By Lauren Wanko
Four-year-old Lily Burke is picking pumpkins.
When asked how many pumpkins she got, she replied, “One, two three.”
And playing in the corn kernel crib at Bullock Farms. It’s a new addition here, along with a sunflower field and other fall activities like a four and a half acre corn maze. After nearly 160 years in the business, the sixth generation farmers decided to add an agritourism component to their Cream Ridge Farm.
“It’s important for us as a family farm. We want to stay farmers and want to keep our land and there is a great option to have another source of income,” said Farm Manager Brett Bullock.
“Agritourism is when folks are able to visit the farm to experience on farm activities for recreational purposes and educational purposes,” said NJ Dept. of Agriculture Secretary Douglas Fisher.
The Garden State had nearly 350 farms that offered agritourism activities in 2012, which generated more than $18 million in revenue. New Jersey ranks ninth nationwide in total agritourism dollars and nine counties rank in the top 10 percentile in agritourism sales.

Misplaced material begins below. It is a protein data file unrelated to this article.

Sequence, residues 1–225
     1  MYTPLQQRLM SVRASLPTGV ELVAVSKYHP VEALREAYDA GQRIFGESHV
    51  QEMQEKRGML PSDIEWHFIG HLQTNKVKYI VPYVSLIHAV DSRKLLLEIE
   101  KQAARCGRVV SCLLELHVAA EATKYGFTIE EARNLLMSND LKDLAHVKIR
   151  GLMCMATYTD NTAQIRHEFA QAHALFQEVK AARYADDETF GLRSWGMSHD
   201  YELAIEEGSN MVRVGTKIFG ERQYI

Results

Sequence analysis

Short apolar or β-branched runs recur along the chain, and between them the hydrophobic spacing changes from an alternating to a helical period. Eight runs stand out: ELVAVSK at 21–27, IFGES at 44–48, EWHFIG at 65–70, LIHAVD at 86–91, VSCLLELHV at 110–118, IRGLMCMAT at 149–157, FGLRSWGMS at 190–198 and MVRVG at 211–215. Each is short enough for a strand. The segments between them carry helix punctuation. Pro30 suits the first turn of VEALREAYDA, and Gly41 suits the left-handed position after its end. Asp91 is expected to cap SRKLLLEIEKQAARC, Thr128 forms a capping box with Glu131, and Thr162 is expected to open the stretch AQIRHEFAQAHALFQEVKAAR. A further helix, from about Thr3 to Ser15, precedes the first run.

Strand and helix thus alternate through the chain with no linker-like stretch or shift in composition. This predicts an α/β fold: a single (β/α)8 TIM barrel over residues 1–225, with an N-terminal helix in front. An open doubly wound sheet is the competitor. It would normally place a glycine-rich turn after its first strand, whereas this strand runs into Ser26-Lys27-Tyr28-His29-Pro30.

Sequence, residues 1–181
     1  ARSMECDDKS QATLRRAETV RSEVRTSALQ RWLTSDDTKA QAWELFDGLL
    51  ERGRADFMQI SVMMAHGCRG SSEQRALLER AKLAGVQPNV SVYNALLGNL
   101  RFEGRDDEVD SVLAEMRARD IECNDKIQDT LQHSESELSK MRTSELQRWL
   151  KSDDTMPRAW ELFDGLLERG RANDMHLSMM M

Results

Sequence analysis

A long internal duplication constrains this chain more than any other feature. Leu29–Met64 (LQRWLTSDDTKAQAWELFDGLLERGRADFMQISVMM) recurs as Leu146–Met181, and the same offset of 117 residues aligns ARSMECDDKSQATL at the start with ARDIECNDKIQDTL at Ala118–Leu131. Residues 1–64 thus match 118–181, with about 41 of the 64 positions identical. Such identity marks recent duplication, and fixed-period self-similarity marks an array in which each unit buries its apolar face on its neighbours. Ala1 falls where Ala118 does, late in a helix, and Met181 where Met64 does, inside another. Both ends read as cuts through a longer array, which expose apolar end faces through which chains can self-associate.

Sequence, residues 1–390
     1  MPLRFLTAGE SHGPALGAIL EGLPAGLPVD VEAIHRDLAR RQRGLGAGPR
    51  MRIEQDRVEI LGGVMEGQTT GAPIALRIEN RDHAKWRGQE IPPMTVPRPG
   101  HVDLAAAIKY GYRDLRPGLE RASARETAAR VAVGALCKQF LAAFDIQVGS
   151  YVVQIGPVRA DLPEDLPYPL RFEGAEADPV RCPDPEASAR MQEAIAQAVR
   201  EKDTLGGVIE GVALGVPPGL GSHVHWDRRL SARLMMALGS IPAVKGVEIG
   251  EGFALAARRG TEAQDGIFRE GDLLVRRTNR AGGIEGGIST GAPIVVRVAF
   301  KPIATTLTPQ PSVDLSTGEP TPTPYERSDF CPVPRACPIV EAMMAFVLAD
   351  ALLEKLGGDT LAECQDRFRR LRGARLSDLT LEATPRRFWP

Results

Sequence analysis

“The location more than anywhere else in the country is good for agritourism because you have so many people that are close by,” Bullock said.
The Bullocks just began offering hay rides to their new pick-your-own pumpkin patches. They’ve been growing pumpkins for the past two decades.
Bullock Farms typically sells their pumpkins wholesale to garden centers throughout New York and New Jersey. The owners hope by adding this pick-your-own pumpkin, they’ll generate a whole new revenue source.
“So with agritoursim we can sell directly to the public and have the added benefit of having them come to the farm,” said Bullock.
Lily’s mom now has a carriage full of pumpkins.
“We’re always trying to get out and do pumpkin picking and get some cider and pick out pumpkins for the house. We just love it,” Megan Burke said.
But Department of Agriculture Secretary Douglas Fisher says agritourism isn’t only about pumpkins.
“Agritourism is really four seasons because there is some activity that is always taking place on the farm,” said Fisher.
Once the autumn leaves fall and the scarecrows get packed away for next season, Bullock Farms invites customers to cut their own Christmas trees. Manager Brett Bullock says these family-farm events offer more than good memories.
“We are the Garden State. There’s a ton of farms in New Jersey and we grow lots of different things, but I think in general, the general population has a bit of a disconnect from agriculture, so I think it’s a great way to bridge that gap,” he said.
The Bullock farmers hope to add to their agritourism activities later this year with an on-site brewery. Construction’s expected to begin within the next few weeks.